Use this URL to cite or link to this record in EThOS: http://ethos.bl.uk/OrderDetails.do?uin=uk.bl.ethos.495052
Title: Human embryonic stem cells : prospects for pancreatic β-cell differentiation
Author: Shah, Nadia Nisa
Awarding Body: UNIVERSITY OF MANCHESTER
Current Institution: University of Manchester
Date of Award: 2008
Availability of Full Text:
Access through EThOS:
Abstract:
The focus of this thesis was to explore different strategies in trying to generate putative pancreatic β-cells using one of the initial Wisconsin H7 hES cell lines. Prior to this, human pancreas development was assessed during the first trimester of pregnancy in an attempt to determine the spatial and temporal expression of development and mature pancreatic β-cell markers during this period. Spontaneous differentiation of hES cells can be induced by the formation of embryoid bodies (EBs) in suspension culture. EBs began to express markers of pancreatic β-cell development and function at a molecular, protein and functional level upon differentiation over a 3-week period. The constitutive over-expression of the terminal β-cell marker PAX4 enhances this process, whereas karyotypic abnormalities induced in hES cells over prolonged culture can hinder differentiation potential towards pancreatic β-cells. Directed differentiation strategies which mimic mouse pancreas development have led to the elucidation of an in vitro protocol to generate putative definitive endoderm from hES cells through the application of Wnt3a and Activin A in the presence of low serum. Indirect co-culture of this H7 hES cell-derived putative definitive endoderm with mouse islets did not lead to the differentiation of fully functional pancreatic β-cells. The hES cell-derived putative definitive endoderm did however influence the aging mouse islets in a positive manner by allowing the maintenance of insulin secretagogue-induced functional responses which are usually lost in culture. This may prove useful in maintaining viability of human islets during culture to be used for transportation therapies.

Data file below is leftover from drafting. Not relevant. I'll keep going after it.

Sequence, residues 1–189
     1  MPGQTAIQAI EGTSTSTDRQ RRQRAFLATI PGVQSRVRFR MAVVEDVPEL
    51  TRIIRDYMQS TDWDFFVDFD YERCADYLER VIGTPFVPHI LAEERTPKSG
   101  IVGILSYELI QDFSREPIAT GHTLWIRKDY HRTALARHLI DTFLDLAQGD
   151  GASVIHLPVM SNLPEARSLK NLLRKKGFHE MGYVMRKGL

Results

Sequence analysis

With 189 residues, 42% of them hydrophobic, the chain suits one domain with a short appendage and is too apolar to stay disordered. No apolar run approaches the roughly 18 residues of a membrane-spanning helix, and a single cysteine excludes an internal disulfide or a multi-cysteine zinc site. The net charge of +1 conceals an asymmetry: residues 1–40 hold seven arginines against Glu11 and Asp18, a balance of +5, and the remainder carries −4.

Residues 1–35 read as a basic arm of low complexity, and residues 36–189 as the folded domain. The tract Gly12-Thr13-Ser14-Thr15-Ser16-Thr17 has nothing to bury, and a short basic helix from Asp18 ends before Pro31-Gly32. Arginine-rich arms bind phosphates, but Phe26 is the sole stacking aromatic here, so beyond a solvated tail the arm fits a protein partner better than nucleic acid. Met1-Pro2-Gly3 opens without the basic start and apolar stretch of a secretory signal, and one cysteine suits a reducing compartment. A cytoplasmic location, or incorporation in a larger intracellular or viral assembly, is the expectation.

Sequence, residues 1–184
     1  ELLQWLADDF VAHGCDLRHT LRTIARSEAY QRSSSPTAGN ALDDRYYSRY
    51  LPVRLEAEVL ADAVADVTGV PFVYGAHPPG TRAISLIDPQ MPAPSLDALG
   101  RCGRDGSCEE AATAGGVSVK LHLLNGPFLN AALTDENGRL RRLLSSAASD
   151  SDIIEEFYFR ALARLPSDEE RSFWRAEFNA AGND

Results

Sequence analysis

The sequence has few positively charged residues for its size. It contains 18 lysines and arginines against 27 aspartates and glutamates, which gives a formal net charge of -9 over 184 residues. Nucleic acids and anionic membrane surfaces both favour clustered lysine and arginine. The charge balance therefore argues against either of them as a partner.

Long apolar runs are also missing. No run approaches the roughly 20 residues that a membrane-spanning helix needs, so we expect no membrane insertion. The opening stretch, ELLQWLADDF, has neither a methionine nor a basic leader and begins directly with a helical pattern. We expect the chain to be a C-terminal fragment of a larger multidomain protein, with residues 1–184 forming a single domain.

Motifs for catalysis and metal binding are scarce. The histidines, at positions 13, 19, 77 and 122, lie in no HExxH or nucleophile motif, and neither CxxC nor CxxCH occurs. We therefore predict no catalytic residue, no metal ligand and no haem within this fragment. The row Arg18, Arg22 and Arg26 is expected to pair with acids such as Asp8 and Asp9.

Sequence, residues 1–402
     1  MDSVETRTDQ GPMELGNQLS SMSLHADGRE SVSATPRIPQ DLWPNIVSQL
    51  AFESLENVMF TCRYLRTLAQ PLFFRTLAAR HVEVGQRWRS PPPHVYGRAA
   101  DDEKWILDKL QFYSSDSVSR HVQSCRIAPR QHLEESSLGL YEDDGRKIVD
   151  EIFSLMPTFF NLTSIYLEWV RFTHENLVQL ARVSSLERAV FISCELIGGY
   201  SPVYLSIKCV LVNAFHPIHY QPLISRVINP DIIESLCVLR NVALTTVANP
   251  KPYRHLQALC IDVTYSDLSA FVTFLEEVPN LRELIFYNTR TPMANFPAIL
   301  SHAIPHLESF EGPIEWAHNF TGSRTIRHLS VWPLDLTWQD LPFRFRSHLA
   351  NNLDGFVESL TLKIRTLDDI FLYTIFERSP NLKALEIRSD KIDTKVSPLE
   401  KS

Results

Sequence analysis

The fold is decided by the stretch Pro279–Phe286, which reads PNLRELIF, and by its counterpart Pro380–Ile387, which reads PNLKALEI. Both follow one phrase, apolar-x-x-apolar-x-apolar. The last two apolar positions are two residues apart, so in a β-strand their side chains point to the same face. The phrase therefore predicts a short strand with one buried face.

Supervisor: Not available Sponsor: Not available
Qualification Name: Thesis (Ph.D.) Qualification Level: Doctoral
EThOS ID: uk.bl.ethos.495052  DOI: Not available
Share: